City of Refuge

Bluesman Tim Gearan has been doing it right here in Cambridge for years. There’s something undeniably fun about his music, tunes that keep you dancing even as the gravel in his voice speaks of years of hardship. One time, back when he used to play regular Monday night gigs at Toad in Porter Square, the whole band – horns and all – stood up in the middle of a song, marched in single-file across the street to the Dunkin’ Donuts, bought coffees and walked right back into the venue, with the crowd following behind. They kept playing the entire time.

But the joy of Tim’s performances, to me, isn’t in stunts like that. It’s the way his songs feel instantly familiar, like buried memories suddenly unearthed by a chance sight or scent. And like old memories, his songs often contain a strange mixture of comfort and darkness.

NYC in “The Darkness” is … setting as emotion, an inhabitable metaphor, where the player’s physical exploration of the space mirrors his exploration of the story’s theme.

My favorite track is “City of Refuge,” off his 2007 album No Remedy. The refrain “I’m gonna run / I’m gonna run / I’m gonna run to the City of Refuge” is taken from the 1928 classic of the same name by blues legend Blind Willie Johnson. Tim’s version mixes the apocalyptic with the irreverent: a menacing tri-tone riff from the horns counterpoints Tim singing about Jesus “passing out his homemade wine.” Oblique references to a vengeful Old Testament God are interspersed with slick slide guitar runs. The end times may be upon us, but at least they have a funky soundtrack.

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If Starbreeze’s 2007 shooter The Darkness were a song, it’d almost certainly be a blues tune. Like the 12-bar blues, the game has a repetitive structure: the setting alternates between present-day New York City and the Otherworld, a horrific WWI-era version of Hell. Protagonist Jackie Estacado, a 21-year-old mob hitman, finds himself possessed by a malevolent supernatural force called The Darkness. The Darkness endows Jackie with incredible power but also holds him prisoner, bending him to its dark will. In the game’s most memorable scene, The Darkness forces Jackie to watch helplessly as his girlfriend Jenny is murdered by his Uncle Paulie’s goons. Thus begins Jackie’s quest for revenge, which will take him literally to Hell and back.

So, okay, maybe the setup is a bit too fantastic for your typical blues song, but beneath its horror and mafia trappings, The Darkness is a very human story about loss – loss of love, loss of control, loss of identity. And what are the blues about, if not loss?

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I love it when videogames get setting right. Maybe the greatest strength of the medium is that it allows you to inhabit spaces, to make meaning from your interactions with them. The vast majority of games, particularly shooters, don’t make full use of the incredible potential of setting; the environments are only there to provide flavor or cover or the occasional puzzle as the player is spirited from one action sequence to the next. The freedom to slow down, to examine the surroundings and consider how they contribute to the theme and mood, is often cursory at best. Take this year’s sequel to The Darkness, which feels like an amusement park ride. At one point it literally puts you on rails in a rollercoaster. But the original Darkness encourages you to be much more contemplative between frenetic firefights. And that’s largely because of its striking vision of New York, which is as intimate and personal as the blues.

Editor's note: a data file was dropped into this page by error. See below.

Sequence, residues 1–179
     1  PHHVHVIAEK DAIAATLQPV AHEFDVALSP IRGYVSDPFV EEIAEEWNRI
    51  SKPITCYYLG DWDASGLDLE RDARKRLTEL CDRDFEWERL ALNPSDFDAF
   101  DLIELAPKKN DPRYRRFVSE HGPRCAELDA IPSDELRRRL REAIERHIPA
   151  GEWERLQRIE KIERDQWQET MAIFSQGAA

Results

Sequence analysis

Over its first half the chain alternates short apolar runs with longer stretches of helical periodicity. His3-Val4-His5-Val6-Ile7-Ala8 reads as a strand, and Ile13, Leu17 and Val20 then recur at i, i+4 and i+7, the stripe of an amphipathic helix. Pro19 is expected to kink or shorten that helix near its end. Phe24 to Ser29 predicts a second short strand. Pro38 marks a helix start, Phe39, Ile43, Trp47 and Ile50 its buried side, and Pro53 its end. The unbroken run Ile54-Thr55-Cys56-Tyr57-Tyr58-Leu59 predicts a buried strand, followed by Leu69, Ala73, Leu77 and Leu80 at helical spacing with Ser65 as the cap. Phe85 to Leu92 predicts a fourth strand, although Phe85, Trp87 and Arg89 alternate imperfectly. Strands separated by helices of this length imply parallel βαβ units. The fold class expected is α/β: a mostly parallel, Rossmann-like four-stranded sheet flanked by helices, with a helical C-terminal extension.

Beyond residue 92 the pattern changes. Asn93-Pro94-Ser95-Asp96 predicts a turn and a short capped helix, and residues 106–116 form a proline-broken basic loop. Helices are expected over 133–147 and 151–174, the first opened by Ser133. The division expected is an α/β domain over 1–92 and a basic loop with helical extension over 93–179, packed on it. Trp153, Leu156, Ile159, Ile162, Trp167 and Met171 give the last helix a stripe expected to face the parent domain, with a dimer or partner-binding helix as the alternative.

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Starbreeze’s version of the Big Apple is oddly reminiscent of the surreally empty NYC of 1979 cult movie The Warriors on a few levels:

It’s small. There are no expansive vistas, no soaring skylines, none of the garish neon and blaring horns of Times Square. There are only a few areas you can access in The Darkness, fictionalized neighborhoods with names like Grinder’s Lane, and they’re all tiny maps, only covering a few blocks. Like The Warriors, The Darkness takes us from chunk to chunk of the city, with few (if any) wide establishing shots. You never see New York from a helicopter like you do in so many stories set there. The result in both cases is a thematically-perfect feeling of claustrophobia.

It’s dark. Obviously a game called The Darkness isn’t going to feature a bright color palette. And because Jackie’s Darkness powers wane in the light, creating shadows is a key mechanic. But the darkness works on a thematic level, too. In both the movie and the game, the city is shrouded in night until the very end, when both protagonists achieve a sort of redemption under the sunrise. And it’s quiet, too; in both game and film, short bouts of frenetic action punctuate an otherwise still atmosphere.

It’s empty. The city might never sleep, but it’s not exactly awake. Like the futuristic Detroit of last year’s Deus Ex: Human Revolution, NYC is largely a ghost town in the permanent twilight of The Darkness. The same is true in The Warriors, where the midnight streets are haunted only by rival gangs in bizarre costumes. The NPCs Jackie does encounter are crafted with a remarkable level of detail, though; there are custom animations used only once, like George playing the harmonica in Canal Street Station. If you reveal your Darkness powers in their presence, civilian NPCs will freak out and attack you or flee. And the voice acting and dialogue is so strong, even for ancillary characters, that the encounters you do have are always memorable. The overall effect is a thoroughly surreal atmosphere – which is entirely appropriate for a man possessed.

It’s hidden. This is not the Disneyfied New York of Spider-Man (or, some might say, of Mayors Giuliani and Bloomberg). The action takes place in alleys and subways and tenement blocks, not against the grand backdrop of Manhattan skyscrapers. In both game and film, the protagonists are pursued by attackers through these lonely spaces, seeking safety in the shadows. But when it comes time to fight back, these forgotten places are their arenas.

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My pal Rob Zacny says NYC in The Darkness is a “city of grief.” It’s setting as emotion, an inhabitable metaphor, where the player’s physical exploration of the space mirrors his exploration of the story’s theme.

It’s hard to argue with this idea. The game sells Jackie’s relationship with Jenny so well – you can, famously, sit on Jenny’s couch and watch the entirety of To Kill a Mockingbird on TV with her – that the sequence where she’s murdered is among the most affecting moments I’ve ever experienced in a game. On a superficial level, the game becomes about revenge after that event. As Rob says, though, it’s really a tour through Jackie’s grief, using the city as the medium. The first time you head to Jenny’s neighborhood after her death, Jackie delivers this monologue during the interstitial loading screen: